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Ethnic disparities in child health in Nigeria: a multilevel analysis of individual and contextual factors
Authors: Sara Wedrén, Rino Bellocco, and Tahereh Moradi
Source: International Journal of Human Rights in Healthcare , 2(4): 39-49; DOI: 10.1108/17570980200900028
Topic(s): Child health
Childhood mortality
Children under five
Country: Africa
Published: OCT 2009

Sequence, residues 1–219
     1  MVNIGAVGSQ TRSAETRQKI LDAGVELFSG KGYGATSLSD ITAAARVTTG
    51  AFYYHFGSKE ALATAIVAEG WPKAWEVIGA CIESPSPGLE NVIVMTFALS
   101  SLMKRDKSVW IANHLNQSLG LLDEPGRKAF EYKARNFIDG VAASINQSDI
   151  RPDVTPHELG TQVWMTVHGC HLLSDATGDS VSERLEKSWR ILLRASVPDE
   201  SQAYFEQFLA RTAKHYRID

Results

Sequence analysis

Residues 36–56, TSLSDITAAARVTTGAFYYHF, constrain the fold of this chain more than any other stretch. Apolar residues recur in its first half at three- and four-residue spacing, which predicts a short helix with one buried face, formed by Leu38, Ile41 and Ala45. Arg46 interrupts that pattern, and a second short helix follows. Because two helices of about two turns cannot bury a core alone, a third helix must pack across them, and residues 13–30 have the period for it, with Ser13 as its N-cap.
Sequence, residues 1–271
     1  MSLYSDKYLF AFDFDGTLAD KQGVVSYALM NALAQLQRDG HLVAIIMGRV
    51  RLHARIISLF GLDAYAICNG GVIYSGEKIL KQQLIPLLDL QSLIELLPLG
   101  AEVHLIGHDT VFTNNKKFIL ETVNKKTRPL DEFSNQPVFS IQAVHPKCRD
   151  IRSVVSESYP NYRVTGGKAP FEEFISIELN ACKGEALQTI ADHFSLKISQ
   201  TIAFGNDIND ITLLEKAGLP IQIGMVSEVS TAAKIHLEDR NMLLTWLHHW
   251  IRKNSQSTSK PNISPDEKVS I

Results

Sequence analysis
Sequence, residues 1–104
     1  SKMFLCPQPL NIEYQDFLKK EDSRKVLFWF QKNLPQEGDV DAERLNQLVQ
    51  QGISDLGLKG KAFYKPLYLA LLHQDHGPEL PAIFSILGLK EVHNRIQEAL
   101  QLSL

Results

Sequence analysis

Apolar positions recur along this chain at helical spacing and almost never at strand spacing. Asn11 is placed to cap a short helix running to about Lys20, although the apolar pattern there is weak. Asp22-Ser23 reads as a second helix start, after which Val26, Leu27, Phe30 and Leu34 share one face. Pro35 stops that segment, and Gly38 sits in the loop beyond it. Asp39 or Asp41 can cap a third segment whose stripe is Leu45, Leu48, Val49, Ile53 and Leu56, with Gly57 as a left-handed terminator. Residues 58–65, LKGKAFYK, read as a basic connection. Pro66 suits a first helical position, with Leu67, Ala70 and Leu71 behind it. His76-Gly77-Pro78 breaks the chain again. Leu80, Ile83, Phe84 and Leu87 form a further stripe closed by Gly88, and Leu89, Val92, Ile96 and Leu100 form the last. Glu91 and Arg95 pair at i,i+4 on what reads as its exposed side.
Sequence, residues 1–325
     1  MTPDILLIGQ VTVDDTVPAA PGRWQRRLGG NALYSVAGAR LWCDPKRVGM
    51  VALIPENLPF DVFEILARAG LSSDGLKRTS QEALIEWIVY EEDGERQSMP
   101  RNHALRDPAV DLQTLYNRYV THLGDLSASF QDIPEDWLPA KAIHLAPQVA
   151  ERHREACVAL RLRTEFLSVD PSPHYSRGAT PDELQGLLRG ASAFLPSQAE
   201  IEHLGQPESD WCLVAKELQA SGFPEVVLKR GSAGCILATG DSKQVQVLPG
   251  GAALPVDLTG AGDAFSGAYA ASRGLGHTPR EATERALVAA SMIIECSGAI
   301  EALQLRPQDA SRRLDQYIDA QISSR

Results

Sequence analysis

Abstract: Each ethnic group has its own peculiar cultural practices that may widen inequalities in child health and survival among ethnic groups. This study estimated ethnic disparities in mortality of under-five-year-olds, controlling for individual and community level characteristics. Using multilevel multivariable regression analysis on a nationally representative sample drawn from 7,864 households in the 2003 Nigeria Demographic and Health Survey, we estimated the risks of deaths under-five-year-olds for 6,029 children nested within 2,735 mothers aged 15-49 years old, who were in turn nested within 365 communities. Results were expressed as odds ratios with 95% confidence intervals. The observed risk of under-five death was highest among children of Hausa/Fulani/Kanuri mothers and lowest among children of Yoruba mothers. The mother's affiliation to the Yoruba ethnic group, compared to Hausa/Fulani/Kanuri, was still significantly associated with decreased under-five mortality (OR = 0.66, 95% CI = 0.45 - 0.96) after adjustment for individual and community level factors. Under-five mortality was significantly related to socio-economic and demographic factors (birth order/birth interval, mother's age, and mother's education), which explained much but not all of the ethnic disparities. Findings underscore the need for measures aimed at improving female education and the socio-economic standard of women, changing short birth spacing norms and reducing inequitable distribution of maternal and child health services. Keywords: Ethnic affiliation, Under-five mortality, Nigeria, Multilevel modelling